updated 10/22/2008 12:40:27 PM ET 2008-10-22T16:40:27

A type of mesh used in surgeries to treat severe incontinence, cases of prolapsed uterus and other women's health problems has been linked to serious but infrequent complications, U.S. health officials say.

  1. Don't miss these Health stories
    1. Splash News
      More women opting for preventive mastectomy - but should they be?

      Rates of women who are opting for preventive mastectomies, such as Angeline Jolie, have increased by an estimated 50 percent in recent years, experts say. But many doctors are puzzled because the operation doesn't carry a 100 percent guarantee, it's major surgery -- and women have other options, from a once-a-day pill to careful monitoring.

    2. Larry Page's damaged vocal cords: Treatment comes with trade-offs
    3. Report questioning salt guidelines riles heart experts
    4. CDC: 2012 was deadliest year for West Nile in US
    5. What stresses moms most? Themselves, survey says

The Food and Drug Administration said this week it has received more than 1,000 reports in the last three years of problems with surgical mesh used to repair pelvic organ prolapse and stress urinary incontinence. The mesh is inserted through the vagina, using minimally invasive surgical techniques.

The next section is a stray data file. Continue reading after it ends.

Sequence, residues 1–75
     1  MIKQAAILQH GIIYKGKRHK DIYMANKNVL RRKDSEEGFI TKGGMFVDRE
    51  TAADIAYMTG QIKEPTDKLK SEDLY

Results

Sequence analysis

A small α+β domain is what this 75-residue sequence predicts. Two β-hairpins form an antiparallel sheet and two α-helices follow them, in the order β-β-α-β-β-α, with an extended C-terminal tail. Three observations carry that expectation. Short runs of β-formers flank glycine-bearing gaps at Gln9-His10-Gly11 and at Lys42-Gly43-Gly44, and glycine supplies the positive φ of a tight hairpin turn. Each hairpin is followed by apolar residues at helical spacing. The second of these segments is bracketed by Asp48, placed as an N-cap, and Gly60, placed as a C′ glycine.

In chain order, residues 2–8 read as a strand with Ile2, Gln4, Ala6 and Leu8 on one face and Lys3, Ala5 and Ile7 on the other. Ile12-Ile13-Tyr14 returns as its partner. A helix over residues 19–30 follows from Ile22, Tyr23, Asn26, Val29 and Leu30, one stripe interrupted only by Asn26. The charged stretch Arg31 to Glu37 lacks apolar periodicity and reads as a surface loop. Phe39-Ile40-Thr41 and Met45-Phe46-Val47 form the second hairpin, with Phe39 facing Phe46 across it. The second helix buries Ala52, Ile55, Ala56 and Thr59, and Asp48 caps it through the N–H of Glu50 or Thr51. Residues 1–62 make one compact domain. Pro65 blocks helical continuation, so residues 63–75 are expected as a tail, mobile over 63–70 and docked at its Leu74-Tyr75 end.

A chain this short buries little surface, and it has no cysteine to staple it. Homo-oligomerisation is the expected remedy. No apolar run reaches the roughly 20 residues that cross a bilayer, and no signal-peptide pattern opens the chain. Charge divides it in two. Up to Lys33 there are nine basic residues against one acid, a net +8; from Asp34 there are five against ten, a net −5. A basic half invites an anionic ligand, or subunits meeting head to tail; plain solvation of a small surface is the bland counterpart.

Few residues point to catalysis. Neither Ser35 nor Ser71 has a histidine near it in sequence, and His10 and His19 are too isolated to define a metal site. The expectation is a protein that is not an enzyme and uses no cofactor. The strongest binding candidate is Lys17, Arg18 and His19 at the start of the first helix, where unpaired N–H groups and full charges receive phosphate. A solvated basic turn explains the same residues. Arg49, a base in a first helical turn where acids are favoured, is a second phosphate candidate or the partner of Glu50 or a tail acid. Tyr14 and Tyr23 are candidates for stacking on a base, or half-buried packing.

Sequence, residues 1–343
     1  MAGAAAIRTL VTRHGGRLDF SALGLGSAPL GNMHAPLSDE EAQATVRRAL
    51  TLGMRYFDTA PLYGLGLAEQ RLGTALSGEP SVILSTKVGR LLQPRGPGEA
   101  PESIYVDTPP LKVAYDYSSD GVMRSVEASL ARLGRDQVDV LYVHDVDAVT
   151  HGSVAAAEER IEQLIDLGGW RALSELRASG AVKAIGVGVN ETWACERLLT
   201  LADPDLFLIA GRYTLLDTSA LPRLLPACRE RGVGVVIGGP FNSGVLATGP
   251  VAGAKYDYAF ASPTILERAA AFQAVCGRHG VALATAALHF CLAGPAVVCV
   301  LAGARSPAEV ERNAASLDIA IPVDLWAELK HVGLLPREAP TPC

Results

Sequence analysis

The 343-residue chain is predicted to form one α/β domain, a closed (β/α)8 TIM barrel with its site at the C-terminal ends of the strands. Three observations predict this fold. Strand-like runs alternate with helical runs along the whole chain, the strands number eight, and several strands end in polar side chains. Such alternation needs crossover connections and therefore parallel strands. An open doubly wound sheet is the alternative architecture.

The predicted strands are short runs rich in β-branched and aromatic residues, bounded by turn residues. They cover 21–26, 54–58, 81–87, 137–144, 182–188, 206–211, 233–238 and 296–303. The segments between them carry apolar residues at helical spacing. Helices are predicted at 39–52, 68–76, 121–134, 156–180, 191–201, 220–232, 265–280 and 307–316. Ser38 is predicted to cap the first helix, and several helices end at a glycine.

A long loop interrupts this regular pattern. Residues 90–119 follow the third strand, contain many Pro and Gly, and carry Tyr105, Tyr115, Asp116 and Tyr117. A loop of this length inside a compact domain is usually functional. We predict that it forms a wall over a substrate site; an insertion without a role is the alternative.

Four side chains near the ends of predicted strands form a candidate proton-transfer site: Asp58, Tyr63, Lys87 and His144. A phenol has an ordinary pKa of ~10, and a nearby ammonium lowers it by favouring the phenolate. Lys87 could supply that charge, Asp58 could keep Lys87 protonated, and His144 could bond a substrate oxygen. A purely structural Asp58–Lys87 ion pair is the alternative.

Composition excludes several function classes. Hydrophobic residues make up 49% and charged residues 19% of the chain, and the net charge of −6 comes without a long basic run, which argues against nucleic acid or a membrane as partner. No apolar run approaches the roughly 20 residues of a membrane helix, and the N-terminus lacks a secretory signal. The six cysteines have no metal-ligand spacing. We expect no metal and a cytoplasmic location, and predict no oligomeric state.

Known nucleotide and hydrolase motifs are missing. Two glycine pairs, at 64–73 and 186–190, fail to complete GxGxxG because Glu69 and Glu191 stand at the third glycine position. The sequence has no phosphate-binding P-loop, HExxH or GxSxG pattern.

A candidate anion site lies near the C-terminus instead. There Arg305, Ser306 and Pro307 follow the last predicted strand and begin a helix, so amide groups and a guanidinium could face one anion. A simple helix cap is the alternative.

The complications include erosion of the mesh through vaginal tissue, infection, pain and urinary problems. Some patients have experienced a recurrence of the original condition that the surgery was supposed to resolve. Others have had to undergo repeat surgeries to remove the mesh. Some suffered significant loss of quality of life, including pain during sexual intercourse.

The FDA said it has received reports of complications from nine different manufacturers. It is investigating the cause of the problems, which could include the patient's age and overall health, the mesh material and its size and shape, as well as specific techniques used by surgeons.

In the meantime, U.S. health officials are advising doctors to:

  • Get special training for each mesh placement technique, and be aware of risks.
  • Follow patients closely for infection and erosion of tissue.
  • Watch for complications that could result from instruments used in surgery.
  • Fully inform patients about the possible complications.

Copyright 2008 The Associated Press. All rights reserved. This material may not be published, broadcast, rewritten or redistributed.


Discussion comments


Most active discussions

  1. votes comments
  2. votes comments
  3. votes comments
  4. votes comments